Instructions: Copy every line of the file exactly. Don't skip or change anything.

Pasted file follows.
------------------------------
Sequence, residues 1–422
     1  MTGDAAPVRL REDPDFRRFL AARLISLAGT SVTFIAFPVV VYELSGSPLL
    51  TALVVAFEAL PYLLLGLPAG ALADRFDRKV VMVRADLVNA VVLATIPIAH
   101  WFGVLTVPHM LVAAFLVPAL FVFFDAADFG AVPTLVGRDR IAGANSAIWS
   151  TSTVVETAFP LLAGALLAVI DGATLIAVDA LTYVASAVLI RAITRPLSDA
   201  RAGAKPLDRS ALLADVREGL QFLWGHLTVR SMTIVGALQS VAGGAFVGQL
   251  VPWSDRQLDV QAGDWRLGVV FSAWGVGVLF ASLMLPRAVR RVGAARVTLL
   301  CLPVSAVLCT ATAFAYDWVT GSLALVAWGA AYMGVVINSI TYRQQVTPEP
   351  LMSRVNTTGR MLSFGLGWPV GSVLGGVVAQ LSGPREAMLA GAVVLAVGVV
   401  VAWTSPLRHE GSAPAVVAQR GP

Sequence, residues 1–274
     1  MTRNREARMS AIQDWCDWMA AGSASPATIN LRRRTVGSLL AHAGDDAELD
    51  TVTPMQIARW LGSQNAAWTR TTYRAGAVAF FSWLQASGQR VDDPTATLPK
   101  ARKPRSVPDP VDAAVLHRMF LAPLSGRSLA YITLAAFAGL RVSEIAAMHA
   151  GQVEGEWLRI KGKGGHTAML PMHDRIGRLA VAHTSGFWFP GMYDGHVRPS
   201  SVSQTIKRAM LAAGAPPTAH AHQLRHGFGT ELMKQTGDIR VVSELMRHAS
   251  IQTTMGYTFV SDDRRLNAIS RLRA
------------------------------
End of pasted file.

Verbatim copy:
Sequence, residues 1–422
     1  MTGDAAPVRL REDPDFRRFL AARLISLAGT SVTFIAFPVV VYELSGSPLL
    51  TALVVAFEAL PYLLLGLPAG ALADRFDRKV VMVRADLVNA VVLATIPIAH
   101  WFGVLTVPHM LVAAFLVPAL FVFFDAADFG AVPTLVGRDR IAGANSAIWS
   151  TSTVVETAFP LLAGALLAVI DGATLIAVDA LTYVASAVLI RAITRPLSDA
   201  RAGAKPLDRS ALLADVREGL QFLWGHLTVR SMTIVGALQS VAGGAFVGQL
   251  VPWSDRQLDV QAGDWRLGVV FSAWGVGVLF ASLMLPRAVR RVGAARVTLL
   301  CLPVSAVLCT ATAFAYDWVT GSLALVAWGA AYMGVVINSI TYRQQVTPEP
   351  LMSRVNTTGR MLSFGLGWPV GSVLGGVVAQ LSGPREAMLA GAVVLAVGVV
   401  VAWTSPLRHE GSAPAVVAQR GP

Sequence, residues 1–274
     1  MTRNREARMS AIQDWCDWMA AGSASPATIN LRRRTVGSLL AHAGDDAELD
    51  TVTPMQIARW LGSQNAAWTR TTYRAGAVAF FSWLQASGQR VDDPTATLPK
   101  ARKPRSVPDP VDAAVLHRMF LAPLSGRSLA YITLAAFAGL RVSEIAAMHA
   151  GQVEGEWLRI KGKGGHTAML PMHDRIGRLA VAHTSGFWFP GMYDGHVRPS
   201  SVSQTIKRAM LAAGAPPTAH AHQLRHGFGT ELMKQTGDIR VVSELMRHAS
   251  IQTTMGYTFV SDDRRLNAIS RLRA